Is blockchain the magic bullet many are claiming?
There is rarely a magic bullet in technology. Blockchain is not different in that sense. However, there is tremendous potential in what blockchain can enable. Blockchain for smart contracts, for example, opens up new ways of doing business for the entire supply chain ecosystem. The ability to remove the manual, expensive, and slow processes around contracts between partners has the potential to be transformational. It enables companies to vastly accelerate the pace of business. At the same time, supply chain stakeholders must carefully assess technology partners to ensure that they have the vision and commitment to developing digital solutions that support integration to the blockchain architecture.
Will autonomous trucks become a significant factor in the next ten years?
Yes. Historically all of the focus has been on the driver as the central point for knowledge and insights, the physical movement of goods, and the closure or completion of transactions. We believe all of this can be digitalized onto a platform. When trucks become just another digital asset in the supply chain ecosystem, without the driver, we can rethink the role of trucks entirely. However, autonomous driving is just a first step. Beyond this, we can easily imagine a future when we don’t have any trucks on the road at all. Drones and other modes of domestic transportation are already in use. Further down the line things like 3D printing, once at an accessible cost for consumers, will bring another wave of massive disruption.
What role does technology play, if any, in attracting and retaining drivers during the ongoing truck driver shortage? Can it help make trucking “cool”?
As a company that delivers technology to truck drivers that helps make a their jobs easier and more efficient, and ensures that the driver can get paid in a timely manner, technology can and does play a role in attracting and retaining drivers. As with all jobs, there is an expectation that technology in the business world is as seamless, engaging, and easy as it is in the consumer world. That is our focus, and we do believe it can make trucking a relevant and attractive profession, especially to a younger generation of drivers that are coming up. Though other factors that impact driver shortages may continue, there is an opportunity to create a better, more modern experience for drivers through technology.
What are some of the latest developments in gaining control and visibility of the financial supply chain, and what are the benefits?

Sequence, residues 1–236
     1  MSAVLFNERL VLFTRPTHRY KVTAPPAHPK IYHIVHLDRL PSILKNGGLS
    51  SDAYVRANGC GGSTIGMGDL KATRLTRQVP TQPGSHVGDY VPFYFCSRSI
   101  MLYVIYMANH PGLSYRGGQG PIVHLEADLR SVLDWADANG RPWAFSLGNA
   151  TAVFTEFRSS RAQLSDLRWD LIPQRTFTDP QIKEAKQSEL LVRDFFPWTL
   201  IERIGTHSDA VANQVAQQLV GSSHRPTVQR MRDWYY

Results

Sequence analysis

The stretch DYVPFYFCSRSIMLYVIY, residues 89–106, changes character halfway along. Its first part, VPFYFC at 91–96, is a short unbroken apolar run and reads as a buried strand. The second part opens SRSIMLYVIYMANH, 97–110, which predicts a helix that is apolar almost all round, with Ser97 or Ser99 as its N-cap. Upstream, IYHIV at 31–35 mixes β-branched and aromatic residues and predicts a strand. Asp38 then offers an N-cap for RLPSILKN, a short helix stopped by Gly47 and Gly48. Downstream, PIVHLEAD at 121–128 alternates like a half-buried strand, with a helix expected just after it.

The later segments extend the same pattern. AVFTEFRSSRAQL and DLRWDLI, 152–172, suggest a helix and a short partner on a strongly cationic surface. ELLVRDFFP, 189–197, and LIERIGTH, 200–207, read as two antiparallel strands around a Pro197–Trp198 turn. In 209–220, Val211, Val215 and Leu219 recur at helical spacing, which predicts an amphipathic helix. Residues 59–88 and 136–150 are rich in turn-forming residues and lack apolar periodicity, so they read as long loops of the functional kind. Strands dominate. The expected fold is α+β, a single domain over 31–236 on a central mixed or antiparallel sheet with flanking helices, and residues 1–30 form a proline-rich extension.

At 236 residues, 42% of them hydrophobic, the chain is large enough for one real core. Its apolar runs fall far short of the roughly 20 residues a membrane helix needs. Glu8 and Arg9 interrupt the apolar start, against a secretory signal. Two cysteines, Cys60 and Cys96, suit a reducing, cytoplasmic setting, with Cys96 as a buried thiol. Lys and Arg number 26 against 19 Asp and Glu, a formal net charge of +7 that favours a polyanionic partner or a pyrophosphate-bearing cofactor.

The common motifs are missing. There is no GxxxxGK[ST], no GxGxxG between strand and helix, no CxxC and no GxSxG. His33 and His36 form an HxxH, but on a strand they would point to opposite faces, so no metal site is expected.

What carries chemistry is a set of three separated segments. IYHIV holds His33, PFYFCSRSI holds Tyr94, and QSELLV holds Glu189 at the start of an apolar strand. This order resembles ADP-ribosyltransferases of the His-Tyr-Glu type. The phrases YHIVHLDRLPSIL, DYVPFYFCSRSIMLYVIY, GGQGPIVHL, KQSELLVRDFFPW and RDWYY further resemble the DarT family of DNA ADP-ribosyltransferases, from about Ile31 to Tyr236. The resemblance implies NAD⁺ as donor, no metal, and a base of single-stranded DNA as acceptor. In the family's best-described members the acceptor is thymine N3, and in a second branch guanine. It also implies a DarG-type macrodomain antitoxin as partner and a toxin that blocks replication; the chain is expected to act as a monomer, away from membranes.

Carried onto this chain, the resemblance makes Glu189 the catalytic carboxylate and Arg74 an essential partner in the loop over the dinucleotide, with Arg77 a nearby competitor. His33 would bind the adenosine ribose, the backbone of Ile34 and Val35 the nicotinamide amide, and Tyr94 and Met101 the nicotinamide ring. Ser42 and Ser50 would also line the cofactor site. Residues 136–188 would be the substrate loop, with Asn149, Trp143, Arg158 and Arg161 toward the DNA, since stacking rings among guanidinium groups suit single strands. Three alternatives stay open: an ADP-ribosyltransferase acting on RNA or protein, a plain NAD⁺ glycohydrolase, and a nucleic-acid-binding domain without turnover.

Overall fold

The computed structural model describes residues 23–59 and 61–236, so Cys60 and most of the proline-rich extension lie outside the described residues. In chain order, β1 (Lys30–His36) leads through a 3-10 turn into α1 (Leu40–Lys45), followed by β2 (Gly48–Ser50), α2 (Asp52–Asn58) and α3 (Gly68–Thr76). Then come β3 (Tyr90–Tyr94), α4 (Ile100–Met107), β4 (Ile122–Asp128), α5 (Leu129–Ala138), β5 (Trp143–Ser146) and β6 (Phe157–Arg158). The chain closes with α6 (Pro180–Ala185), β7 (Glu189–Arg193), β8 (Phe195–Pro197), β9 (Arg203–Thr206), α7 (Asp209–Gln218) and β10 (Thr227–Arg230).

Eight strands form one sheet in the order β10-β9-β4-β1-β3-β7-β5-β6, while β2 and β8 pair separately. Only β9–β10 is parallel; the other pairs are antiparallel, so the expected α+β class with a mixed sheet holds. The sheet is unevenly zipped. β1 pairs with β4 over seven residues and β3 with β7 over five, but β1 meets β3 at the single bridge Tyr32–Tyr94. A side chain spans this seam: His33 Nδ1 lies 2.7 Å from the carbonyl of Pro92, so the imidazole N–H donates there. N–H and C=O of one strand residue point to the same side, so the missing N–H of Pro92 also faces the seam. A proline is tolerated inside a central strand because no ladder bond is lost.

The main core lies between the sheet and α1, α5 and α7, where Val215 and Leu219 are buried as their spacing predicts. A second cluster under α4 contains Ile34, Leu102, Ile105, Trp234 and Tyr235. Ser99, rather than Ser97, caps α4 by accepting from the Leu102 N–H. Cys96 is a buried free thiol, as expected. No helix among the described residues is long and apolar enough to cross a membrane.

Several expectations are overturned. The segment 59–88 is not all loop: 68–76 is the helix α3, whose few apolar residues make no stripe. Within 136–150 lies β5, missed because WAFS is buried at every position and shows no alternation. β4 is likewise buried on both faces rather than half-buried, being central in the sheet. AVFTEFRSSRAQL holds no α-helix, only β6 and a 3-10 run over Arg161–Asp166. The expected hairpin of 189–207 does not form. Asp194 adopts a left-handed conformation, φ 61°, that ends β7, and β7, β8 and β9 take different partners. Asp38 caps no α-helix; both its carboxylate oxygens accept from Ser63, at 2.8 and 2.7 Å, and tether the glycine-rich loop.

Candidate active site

We look at the supply chain and the financial supply chain holistically, as we already provide a platform for managing assets within the supply chain and managing the financial payments and settlements between trading partners. Awareness is growing, and we have a unique ability to lead this. We believe a platform approach to this is critical. Partners on a neutral, real-time trading platform for moving goods, managing assets, and running the financial settlement creates efficiency but, more importantly, a holistic approach enables our customers to continuously innovate to drive more value. The challenge is that supply chain organizations still sit separately from the finance department, but we believe that an open technology platform that is trusted, proven, and designed to drive value helps these organizations converge and become much more strategic.
What technology tools are freight/logistics customers demanding today that they didn’t five years ago? What will they be using five years from now?
Anything and everything. They want mobile applications; they want actionable data and insights; they want automation that removes repetitive, tedious, manual work; they want applications that continuously learn and improve based on data. The list is infinite. At the same time, they want guidance on how to redirect their teams to more strategic work that takes advantage of these new tools and technologies.
What is the adoption rate of cutting-edge technology in the logistics space among front-line practitioners? Are we hyping capabilities that don’t actually get used? Would we be better focusing on existing technologies that need greater penetration, or do we need to continue to push ahead with new innovations to solve old problems?
There is always a hype cycle. However, in the logistics space, the time is really now for adoption at scale. AI, machine learning, and other technological advances are real, accessible, and affordable. All organizations, regardless of the space, are in a “cloud first” mentality. Companies that wait will be left behind. We have the ability to think beyond old problems and look at the supply chain as a core strategic part of any company – as a value creator.
If you could wave a magic wand over one technology-related problem in the logistics industry, what would it be?
We don’t see technology-related problems as much as we see the challenge for many customers in knowing where to start. It is not a lack of desire but rather it is often a challenge in defining the problem statement, then defining the first step and the next toward creating a digital supply chain. In our experience, this is the hardest part for most of our customers. The magic wand perhaps would be to simplify and ease this challenge. We work closely with customers to help them define where they are today, what the pain points are, what the strategic opportunities are, and what value creation means for their business today and in the future – and the manageable steps toward getting there.